Human capital management (HCM) is concerned with obtaining, analysing and reporting on data that informs the direction of value-adding people management strategy. A HCM strategy is therefore closely associated with strategic HRM. In the words of Manocha (2005: 29) it can also provide ‘evidence of a robust people strategy mapped to the business strategy’.
The defining characteristic of HCM is the use of metrics to guide an approach to managing people that regards them as assets. It emphasizes
that competitive advantage is achieved by strategic investments in those assets through employee engagement and retention, talent management, and learning and development programmes. HCM is a bridge between HR and business strategy. It provides the basis for ‘evidence-based human resource management’, ie the process of ensuring that decisions and proposals on the development and application of HR strategies and practices are backed up with hard data derived from research, benchmarking and the analysis and evaluation of the organizational context and management activities.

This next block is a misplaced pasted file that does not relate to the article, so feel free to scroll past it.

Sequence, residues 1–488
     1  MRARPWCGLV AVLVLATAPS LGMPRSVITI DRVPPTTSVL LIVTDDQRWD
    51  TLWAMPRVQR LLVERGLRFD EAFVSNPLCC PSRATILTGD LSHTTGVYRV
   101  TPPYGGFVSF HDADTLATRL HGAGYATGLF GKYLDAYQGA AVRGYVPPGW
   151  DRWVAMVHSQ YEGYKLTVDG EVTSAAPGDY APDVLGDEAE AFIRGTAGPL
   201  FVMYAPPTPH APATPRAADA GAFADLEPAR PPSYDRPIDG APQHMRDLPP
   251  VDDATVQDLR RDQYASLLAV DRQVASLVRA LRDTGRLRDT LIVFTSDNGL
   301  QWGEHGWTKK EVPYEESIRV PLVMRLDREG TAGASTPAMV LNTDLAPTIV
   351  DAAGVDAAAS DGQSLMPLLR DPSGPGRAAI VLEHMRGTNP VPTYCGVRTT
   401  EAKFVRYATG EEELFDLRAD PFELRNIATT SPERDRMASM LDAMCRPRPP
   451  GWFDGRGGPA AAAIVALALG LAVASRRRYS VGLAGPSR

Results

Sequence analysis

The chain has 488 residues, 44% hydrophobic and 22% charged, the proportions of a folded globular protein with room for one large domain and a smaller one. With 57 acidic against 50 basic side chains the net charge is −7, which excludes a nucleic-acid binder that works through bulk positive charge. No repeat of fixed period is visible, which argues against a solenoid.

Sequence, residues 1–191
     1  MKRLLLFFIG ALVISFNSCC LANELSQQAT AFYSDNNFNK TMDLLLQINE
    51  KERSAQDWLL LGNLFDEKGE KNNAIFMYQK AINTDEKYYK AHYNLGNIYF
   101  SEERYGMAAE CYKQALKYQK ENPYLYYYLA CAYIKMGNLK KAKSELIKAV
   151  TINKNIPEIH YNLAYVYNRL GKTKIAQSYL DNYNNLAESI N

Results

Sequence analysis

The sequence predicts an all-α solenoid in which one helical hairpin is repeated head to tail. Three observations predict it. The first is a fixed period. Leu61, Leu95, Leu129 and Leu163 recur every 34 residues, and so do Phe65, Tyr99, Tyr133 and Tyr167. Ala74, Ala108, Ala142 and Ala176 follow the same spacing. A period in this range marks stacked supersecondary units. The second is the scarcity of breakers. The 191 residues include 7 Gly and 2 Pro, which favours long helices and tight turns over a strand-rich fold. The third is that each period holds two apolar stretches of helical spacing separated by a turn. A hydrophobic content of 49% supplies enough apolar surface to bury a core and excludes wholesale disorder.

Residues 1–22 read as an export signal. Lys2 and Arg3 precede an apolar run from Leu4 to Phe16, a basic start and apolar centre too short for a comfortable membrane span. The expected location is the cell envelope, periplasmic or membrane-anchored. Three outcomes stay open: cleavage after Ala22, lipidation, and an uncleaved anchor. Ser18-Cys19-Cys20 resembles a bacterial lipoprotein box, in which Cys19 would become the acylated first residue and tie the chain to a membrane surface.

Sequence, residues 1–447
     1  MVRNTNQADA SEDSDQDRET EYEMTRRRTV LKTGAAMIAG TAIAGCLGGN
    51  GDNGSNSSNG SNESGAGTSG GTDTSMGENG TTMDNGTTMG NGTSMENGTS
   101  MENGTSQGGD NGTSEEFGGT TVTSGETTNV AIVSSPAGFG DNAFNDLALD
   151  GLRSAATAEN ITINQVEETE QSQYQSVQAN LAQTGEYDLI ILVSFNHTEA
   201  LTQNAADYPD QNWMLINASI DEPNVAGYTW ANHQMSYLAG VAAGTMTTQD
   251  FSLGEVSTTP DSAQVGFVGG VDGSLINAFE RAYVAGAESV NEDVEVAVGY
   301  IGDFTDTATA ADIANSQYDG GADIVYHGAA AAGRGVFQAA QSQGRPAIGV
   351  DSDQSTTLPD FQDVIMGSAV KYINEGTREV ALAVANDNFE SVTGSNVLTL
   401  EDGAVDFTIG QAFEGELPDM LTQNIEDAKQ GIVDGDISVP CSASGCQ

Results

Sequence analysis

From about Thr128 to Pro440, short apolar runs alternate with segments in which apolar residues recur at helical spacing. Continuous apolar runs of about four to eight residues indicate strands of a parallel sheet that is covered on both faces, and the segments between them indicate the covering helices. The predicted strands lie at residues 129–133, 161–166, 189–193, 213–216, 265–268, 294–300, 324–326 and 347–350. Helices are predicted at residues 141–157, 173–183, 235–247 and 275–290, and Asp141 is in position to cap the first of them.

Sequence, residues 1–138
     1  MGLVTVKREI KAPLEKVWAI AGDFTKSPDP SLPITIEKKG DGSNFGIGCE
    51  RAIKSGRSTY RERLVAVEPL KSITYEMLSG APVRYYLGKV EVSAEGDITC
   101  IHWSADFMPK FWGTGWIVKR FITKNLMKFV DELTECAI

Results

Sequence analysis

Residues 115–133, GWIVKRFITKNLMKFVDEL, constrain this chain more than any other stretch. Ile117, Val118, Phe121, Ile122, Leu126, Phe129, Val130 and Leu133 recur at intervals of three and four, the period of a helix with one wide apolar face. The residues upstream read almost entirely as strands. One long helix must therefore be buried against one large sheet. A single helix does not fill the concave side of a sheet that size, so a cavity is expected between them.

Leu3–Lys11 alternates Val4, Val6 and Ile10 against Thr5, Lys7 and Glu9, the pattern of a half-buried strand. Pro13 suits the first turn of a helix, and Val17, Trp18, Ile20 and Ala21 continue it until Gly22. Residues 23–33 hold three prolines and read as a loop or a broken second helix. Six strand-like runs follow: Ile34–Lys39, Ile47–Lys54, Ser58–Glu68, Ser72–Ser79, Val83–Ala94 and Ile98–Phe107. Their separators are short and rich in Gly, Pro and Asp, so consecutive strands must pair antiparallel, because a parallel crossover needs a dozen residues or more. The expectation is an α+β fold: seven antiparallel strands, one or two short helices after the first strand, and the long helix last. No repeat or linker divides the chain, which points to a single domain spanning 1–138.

The Accounting for People Task Force Report (2003: 3) stated that HCM involves ‘the systematic analysis, measurement and evaluation of how people policies and practices create value’. HCM was defined as ‘an approach to people management that treats it as a high level strategic issue rather than an operational matter “to be left to the HR people”’ (ibid: 7). The Task Force expressed the view that HCM had been underexploited as a way of gaining competitive edge.
Scarborough and Elias (2002: 3) defined human capital as ‘something that employees bring to the organization but is also developed through training and experience within the organization’. Nalbantian et al (2004: 75) described human capital as ‘The accumulated stock of skills, experience and knowledge that resides in an organization’s workforce and drives productive labour’ and suggested that human capital management involves ‘putting into place the metrics to measure the value of these attributes and using that knowledge to effectively manage the organization’.
HCM is sometimes defined more broadly without the emphasis on measurement and this approach makes it almost indistinguishable from strategic HRM. Chatzkel (2004: 139) pointed out that ‘Human capital management is an integrated effort to manage and develop human capabilities to achieve significantly higher levels of performance’. And Kearns (2004: 14) asserted that ‘everything done in the name of HRM is done in the name of value’. He described HCM as ‘The total development of human potential expressed as organizational value’. He believes that ‘HCM is about creating value through people’ and that it is ‘a people development philosophy, but the only development
that means anything is that which is translated into value’ (ibid: 205).